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Tribute to Eugène Ysaÿe

Ysaÿe: Rêve d’enfant, Op. 14

Chopin-Ysaÿe: Ballade No. 1, Op. 23

Liszt: Romance oubliée

Ysaÿe: Poème élégiaque, Op. 12

Vieuxtemps: Romance, Op. 40 No. 1

Franck: Sonata


I like to think up various questions and play with the several possible answers to them.

Take, for example, Ysaÿe’s “Rêve d’enfant”, which he composed for his son Antoine. What kind of dreams may Ysaÿe have wanted to show to his son? And what would his own childhood dreams have looked like? Is it a coincidence that this charming lullaby shares the same kind of atmosphere with the opening of the violin sonata Franck composed about ten years earlier as a wedding gift to him? Supposing it’s not, would it be too far a stretch then to assume Ysaÿe likened Franck’s sonata to life and interpreted the first part as a childhood dream, which would make the piece an homage to Franck?

Ysaÿe, who never met Chopin in person, arranged a couple of his piano pieces for violin and piano. Since in the end, Ysaÿe was more active as a virtuosic violin performer than as a composer, it is easy to imagine him wanting to add that extra touch of sparkle to a concert program, but where did this desire to arrange Chopin’s music, perfect in itself as a piano solo as it is, come from? And why exactly would he have chosen Ballade No. 1?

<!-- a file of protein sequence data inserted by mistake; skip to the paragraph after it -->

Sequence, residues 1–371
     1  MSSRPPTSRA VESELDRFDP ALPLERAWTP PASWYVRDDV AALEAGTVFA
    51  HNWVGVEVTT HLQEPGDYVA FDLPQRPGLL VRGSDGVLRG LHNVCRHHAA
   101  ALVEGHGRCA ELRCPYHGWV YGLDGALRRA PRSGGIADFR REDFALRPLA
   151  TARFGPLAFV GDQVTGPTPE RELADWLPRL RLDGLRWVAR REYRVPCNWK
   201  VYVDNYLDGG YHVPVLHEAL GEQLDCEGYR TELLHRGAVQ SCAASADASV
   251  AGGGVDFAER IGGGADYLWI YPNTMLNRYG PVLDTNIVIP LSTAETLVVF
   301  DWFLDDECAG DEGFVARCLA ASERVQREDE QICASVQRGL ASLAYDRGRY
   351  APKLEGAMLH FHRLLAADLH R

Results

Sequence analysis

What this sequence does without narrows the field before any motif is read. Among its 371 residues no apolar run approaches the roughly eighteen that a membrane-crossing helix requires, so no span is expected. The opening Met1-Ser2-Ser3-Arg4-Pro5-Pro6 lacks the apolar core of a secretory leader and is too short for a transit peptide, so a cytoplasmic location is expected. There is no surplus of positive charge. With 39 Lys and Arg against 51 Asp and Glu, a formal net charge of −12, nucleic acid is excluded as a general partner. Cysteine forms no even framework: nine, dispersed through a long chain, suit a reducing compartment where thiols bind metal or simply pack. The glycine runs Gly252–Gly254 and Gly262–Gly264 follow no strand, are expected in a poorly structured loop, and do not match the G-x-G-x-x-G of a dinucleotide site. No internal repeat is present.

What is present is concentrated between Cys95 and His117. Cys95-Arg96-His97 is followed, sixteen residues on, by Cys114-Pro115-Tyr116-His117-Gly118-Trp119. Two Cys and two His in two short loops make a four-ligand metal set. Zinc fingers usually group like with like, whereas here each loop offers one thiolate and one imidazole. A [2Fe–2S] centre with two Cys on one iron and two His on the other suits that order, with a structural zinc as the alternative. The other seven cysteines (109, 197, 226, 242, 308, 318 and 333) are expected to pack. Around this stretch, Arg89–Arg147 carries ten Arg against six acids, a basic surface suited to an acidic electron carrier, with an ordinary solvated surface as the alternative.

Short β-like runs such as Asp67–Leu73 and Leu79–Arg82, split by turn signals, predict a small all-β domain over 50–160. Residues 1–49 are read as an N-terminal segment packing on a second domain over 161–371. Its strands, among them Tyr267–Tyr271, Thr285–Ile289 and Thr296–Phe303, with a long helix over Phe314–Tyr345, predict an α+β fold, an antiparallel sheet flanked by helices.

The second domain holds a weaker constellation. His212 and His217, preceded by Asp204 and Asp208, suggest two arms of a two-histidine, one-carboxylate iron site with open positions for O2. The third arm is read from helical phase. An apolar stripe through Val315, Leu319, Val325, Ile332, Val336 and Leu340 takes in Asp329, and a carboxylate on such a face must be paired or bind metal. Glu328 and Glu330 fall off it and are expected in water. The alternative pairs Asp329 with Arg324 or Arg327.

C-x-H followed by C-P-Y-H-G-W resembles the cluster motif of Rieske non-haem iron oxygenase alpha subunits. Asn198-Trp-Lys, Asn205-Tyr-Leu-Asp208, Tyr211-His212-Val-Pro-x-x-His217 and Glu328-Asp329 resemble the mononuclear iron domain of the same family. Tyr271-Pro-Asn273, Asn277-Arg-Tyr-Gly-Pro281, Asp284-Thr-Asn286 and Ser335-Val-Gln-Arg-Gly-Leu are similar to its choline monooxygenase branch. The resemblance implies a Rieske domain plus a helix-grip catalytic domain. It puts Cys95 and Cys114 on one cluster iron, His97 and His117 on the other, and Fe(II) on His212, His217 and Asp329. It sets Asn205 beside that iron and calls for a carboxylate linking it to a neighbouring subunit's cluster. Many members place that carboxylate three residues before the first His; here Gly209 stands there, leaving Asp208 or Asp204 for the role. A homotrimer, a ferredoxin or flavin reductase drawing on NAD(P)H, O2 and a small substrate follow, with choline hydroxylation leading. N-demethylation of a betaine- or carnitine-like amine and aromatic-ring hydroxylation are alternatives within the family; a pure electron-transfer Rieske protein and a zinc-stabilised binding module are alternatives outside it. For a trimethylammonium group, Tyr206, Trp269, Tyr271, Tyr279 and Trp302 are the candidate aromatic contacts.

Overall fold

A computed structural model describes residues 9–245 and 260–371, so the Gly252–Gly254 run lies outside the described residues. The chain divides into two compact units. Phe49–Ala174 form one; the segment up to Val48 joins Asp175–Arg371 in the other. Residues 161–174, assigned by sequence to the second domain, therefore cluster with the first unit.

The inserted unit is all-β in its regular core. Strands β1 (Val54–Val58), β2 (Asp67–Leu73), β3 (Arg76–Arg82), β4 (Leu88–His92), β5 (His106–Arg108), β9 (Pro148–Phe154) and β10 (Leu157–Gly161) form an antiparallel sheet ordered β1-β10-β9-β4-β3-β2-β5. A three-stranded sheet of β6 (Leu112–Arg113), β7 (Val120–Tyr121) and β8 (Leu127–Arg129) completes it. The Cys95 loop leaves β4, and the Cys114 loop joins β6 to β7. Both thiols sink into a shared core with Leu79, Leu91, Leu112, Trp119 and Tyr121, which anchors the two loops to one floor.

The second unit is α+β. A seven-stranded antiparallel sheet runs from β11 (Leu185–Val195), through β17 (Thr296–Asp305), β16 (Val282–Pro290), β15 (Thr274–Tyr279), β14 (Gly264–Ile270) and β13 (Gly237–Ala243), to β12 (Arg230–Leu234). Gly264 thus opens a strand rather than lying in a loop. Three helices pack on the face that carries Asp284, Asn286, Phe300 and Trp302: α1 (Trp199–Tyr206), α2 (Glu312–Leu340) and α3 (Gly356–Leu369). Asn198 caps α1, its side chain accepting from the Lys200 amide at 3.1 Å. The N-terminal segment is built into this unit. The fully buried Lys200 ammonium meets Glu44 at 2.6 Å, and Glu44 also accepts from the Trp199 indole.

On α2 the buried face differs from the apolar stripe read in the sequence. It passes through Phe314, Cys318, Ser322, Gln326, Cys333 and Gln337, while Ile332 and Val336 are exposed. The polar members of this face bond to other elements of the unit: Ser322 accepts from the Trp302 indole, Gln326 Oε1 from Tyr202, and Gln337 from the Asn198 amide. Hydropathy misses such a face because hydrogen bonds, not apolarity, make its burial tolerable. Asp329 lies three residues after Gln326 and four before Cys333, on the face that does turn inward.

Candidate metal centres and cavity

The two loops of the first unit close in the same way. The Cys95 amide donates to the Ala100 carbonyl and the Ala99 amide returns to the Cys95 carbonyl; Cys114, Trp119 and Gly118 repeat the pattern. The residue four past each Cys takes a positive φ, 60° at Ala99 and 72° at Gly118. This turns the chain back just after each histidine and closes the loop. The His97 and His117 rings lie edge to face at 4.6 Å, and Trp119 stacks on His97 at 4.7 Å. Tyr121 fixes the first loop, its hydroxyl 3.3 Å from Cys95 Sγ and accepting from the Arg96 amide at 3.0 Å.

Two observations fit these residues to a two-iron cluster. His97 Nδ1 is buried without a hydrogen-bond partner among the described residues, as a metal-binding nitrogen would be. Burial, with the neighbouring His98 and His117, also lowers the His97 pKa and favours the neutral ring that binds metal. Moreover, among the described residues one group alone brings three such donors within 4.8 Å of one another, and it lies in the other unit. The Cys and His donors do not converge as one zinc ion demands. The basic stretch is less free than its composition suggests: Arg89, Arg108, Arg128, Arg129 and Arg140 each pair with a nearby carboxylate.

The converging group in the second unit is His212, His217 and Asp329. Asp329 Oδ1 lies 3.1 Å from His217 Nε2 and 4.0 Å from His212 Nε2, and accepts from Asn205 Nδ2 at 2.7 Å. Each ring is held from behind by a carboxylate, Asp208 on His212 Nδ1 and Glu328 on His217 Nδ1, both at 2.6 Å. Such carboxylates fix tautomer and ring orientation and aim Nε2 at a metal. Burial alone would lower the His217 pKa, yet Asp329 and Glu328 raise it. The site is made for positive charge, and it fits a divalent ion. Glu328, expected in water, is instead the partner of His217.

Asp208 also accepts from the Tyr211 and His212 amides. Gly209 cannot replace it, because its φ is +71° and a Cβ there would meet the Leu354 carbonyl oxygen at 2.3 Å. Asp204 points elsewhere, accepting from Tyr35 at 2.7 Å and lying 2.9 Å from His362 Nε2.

Chopin completed the original about fifty years before Franck composed his sonata. He was in his mid-twenties then, and it was around that time he fell in love with Maria, the neat and variously-talented sister of an old hometown friend of his. Chopin presented a waltz to her (Op. 69-1) and she came to be the only girl in the life of this lifelong bachelor whom he ever dreamt of marrying. They even got engaged, but eventually her parents broke off the engagement before a year went by, probably due to his suffering from tuberculosis. Along with the pile of letters from Maria, the waltz remained sealed-up until his death, but his warm affection for her is also clearly expressed in “My Darling”, a song he composed based on a poem written by the great Polish poet and a good friend of Chopin, Mickiewicz. Chopin’s ballades are said to be influenced by Mickiewicz’ “Ballads and Romances.” Ballade No. 1 is allegedly related to “Konrad Wallenrod,” an epic poem that is said to have exerted ideological influence on the popular uprising in Poland. Probably this relation was not a very concrete one, but rather limited to some inspiration imparted to the composer with regard to “a patriotic rebellious spirit.” As a result, Chopin freed the “ballade” form from its traditional constraints as a song or poem, artistically sublimating it into an instrumental piece, which makes him, in my eyes, a pioneer. Returning then to the question of why Ysaÿe was drawn to this piece, one thing comes to mind. Though having maturity as a cultural sphere, Belgium was in fact a very young country around the time Ysaÿe was born, being declared independent less than thirty years earlier and recognized as such a mere twenty years before. It should not surprise us then that the Belgian national Ysaÿe, living in such an environment, would have felt empathy toward the “patriotic rebellious spirit” of Chopin.